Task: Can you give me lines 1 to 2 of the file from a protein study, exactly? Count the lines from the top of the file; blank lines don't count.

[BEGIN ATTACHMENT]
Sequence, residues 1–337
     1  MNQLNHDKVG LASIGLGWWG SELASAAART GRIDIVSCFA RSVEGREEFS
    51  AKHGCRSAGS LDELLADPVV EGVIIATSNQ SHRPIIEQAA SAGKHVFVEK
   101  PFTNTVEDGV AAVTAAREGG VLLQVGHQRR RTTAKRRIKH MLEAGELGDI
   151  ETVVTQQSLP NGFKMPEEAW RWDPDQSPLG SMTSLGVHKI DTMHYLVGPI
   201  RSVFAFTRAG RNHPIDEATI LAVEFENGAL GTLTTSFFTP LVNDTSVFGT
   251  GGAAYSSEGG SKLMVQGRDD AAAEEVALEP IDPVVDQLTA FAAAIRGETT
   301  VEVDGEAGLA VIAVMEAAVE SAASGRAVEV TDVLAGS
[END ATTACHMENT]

Sequence, residues 1–337
     1  MNQLNHDKVG LASIGLGWWG SELASAAART GRIDIVSCFA RSVEGREEFS